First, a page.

As you may have heard, Cermaq Canada is currently investigating the possibility of expanding Atlantic salmon farming operations into Nova Scotia -specifically the Digby, Guysborough and Richmond areas. "Since we announced our intentions on April 3, 2019, we have started to reach out to local government, associations, groups and the Mi’kmaq of Nova Scotia," says Amy Jonsson, Communications specialist with Cermaq Canada in Campbell River, B.C..

"Our website www.HelloNovaScotia.ca continues to receive lots of traffic, and we would like to say thanks to everyone who has taken the time to visit the site." Readers interested in updates can sign up for notifications at the bottom of the home page. (By providing your email address, you will receive an email alert whenever new content is loaded onto the site. Cermaq promises not to use emails as part of a distribution list, and will never share your details.)

"In June, some of our team members travelled to the Chedabucto Bay and Digby regions to speak with local researchers, biologists, governments and associations. We have started to deploy sensors into waters in the identified areas of interest that will measure and collect real-time data of current speeds, wave action and water temperatures.

"We have also been collecting historical temperature and current information from regulators, government and research facilities as available. We are now starting to compile historic and sensor information to create a baseline of information which we will use moving forward as part of our feasibility work. We have not identified specific potential sites at this point as we are still working to establish a baseline for conditions and we will need to look at sea floor conditions as well."

Moving forward, when Cermaq is in the region, they will be letting residents know through signage. "We have sandwich boards which will be placed in the area where we will be working. If you have any questions, please give us a call to find out more about why we are in the area, what we are doing and how the work we are doing will be used moving forward. We will be looking to begin formal public engagement later this summer and will share more details as we begin to formalize a plan."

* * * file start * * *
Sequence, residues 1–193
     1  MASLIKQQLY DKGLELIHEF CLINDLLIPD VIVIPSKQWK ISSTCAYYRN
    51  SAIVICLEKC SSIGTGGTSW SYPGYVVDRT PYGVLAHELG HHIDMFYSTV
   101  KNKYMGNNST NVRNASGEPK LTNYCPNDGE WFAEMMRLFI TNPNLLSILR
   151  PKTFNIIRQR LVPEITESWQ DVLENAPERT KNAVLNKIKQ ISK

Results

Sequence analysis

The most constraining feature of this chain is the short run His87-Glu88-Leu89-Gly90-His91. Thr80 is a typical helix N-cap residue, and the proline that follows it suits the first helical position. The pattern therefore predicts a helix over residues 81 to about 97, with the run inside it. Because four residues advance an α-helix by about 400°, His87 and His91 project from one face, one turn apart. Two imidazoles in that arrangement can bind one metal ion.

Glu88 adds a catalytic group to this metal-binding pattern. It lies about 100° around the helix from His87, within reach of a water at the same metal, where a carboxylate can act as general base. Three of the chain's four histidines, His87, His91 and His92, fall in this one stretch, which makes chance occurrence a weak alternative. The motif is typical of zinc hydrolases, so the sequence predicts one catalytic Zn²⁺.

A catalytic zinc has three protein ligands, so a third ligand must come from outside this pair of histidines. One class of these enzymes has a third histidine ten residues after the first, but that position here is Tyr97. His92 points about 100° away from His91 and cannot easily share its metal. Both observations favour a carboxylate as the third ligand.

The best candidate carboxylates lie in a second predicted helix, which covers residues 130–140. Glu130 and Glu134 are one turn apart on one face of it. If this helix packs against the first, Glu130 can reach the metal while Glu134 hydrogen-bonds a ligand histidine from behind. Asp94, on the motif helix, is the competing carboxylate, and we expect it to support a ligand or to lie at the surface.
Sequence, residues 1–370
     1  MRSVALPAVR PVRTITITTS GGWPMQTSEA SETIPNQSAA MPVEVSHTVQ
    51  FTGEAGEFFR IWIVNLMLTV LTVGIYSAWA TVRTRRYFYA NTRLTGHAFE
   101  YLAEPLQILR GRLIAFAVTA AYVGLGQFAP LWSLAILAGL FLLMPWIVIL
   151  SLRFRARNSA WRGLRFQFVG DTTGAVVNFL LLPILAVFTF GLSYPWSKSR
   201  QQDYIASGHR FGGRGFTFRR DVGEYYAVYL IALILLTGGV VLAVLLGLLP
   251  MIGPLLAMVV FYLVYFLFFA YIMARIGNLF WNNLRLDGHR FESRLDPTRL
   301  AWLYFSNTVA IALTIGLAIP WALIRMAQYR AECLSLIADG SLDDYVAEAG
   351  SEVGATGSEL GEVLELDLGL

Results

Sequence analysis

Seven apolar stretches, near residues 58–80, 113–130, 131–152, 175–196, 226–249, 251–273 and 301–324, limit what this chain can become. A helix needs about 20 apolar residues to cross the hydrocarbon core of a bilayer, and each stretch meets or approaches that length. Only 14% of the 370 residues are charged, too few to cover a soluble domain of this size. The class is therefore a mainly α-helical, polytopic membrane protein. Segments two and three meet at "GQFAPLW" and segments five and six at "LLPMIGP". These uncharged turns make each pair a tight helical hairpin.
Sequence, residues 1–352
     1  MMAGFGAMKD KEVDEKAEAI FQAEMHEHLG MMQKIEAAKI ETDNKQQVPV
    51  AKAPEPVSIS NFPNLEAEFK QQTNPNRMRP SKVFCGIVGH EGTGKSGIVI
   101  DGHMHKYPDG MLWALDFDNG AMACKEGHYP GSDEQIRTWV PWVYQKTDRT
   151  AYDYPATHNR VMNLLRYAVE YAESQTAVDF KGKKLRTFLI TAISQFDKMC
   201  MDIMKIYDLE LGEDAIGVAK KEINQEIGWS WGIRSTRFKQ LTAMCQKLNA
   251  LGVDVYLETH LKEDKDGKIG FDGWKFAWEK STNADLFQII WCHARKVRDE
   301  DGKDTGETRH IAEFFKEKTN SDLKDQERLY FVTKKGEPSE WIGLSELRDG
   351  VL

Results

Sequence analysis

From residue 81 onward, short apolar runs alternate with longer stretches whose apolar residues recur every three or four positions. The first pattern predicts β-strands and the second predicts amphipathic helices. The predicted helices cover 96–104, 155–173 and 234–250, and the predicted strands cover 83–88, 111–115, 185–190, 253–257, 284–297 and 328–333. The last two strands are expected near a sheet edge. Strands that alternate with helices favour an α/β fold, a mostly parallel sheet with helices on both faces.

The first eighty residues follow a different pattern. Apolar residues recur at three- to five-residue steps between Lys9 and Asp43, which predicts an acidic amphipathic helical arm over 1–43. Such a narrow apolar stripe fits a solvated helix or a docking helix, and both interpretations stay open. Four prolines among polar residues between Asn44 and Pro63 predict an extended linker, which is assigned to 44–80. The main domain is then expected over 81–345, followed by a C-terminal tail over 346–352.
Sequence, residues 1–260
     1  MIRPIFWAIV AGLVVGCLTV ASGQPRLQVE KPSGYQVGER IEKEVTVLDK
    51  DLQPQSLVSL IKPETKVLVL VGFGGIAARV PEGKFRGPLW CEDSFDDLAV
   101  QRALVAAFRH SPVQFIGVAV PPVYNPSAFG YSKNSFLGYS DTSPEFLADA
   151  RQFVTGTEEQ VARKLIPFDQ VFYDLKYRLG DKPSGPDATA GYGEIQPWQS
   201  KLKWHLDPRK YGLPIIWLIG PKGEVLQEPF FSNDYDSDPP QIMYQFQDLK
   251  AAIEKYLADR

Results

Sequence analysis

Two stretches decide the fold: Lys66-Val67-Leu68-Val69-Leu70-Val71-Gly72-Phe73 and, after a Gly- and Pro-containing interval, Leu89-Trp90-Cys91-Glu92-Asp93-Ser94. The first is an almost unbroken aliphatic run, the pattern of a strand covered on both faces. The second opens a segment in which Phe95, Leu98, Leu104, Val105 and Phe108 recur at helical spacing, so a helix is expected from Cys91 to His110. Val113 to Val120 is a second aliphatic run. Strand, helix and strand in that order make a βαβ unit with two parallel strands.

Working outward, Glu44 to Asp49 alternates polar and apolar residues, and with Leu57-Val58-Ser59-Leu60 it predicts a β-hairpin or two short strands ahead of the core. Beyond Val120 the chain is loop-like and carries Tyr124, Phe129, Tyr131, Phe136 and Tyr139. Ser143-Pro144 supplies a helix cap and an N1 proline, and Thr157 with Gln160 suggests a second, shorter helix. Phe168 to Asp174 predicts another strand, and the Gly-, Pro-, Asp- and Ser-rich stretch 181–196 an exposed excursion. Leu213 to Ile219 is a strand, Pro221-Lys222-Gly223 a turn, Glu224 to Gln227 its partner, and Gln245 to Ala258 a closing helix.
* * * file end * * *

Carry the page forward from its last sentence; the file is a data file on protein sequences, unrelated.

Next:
Cermaq is using feedback, which they are receiving now, to customize engagement for audiences, communities and interests. Jonsson says, "We want to talk to as many people as possible to ensure we are getting the full scope of opinions and information as we move along the Option process. So far, our engagement plans include the creation of community advisory committees in the regions of interest, community participation, door-to-door visits, open house meetings and continued monthly updates."

She says Cermaq is open to ideas though and appreciate any ideas or feedback you may have. Also, if you know of a group, association or club which would like more information, please contact Amy Jonsson, communications specialist at amy.jonsson@cermaq.com.

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Cermaq Examines Nova Scotia Opportunities

As you may have heard, Cermaq Canada is currently investigating the possibility of expanding Atlantic salmon farming operations into Nova Scotia -specifically the Digby, Guysborough and Richmond areas. "Since we announced our intentions on April 3, 2019, we have started to reach out to local government, associations, groups and the Mi’kmaq of Nova Scotia," says Amy Jonsson, Communications specialist with Cermaq Canada in Campbell River, B.C..

"Our website www.HelloNovaScotia.ca continues to receive lots of traffic, and we would like to say thanks to everyone who has taken the time to visit the site." Readers interested in updates can sign up for notifications at the bottom of the home page. (By providing your email address, you will receive an email alert when ever new content is loaded onto the site. Cermaq promises not to use it as a distribution list, and will never share your details.)

"In June, some of our team members travelled to the Chedabucto Bay and Digby regions tospeakwith local researchers, biologists, governments and associations. We have started to deploy sensors into waters in the identified areas of interest that will measure and collect real-time data of current speeds, wave action and water temperatures.

"We have also been collecting historical temperature and current information from regulators, government and research facilities as available. We are now starting to compile historic and sensor information to create a baseline of information which we will use moving forward as part of our feasibility work. We have not identified specific potential sites at this point as we are still working to establish a baseline for conditions and we will need to look at sea floor conditions as well."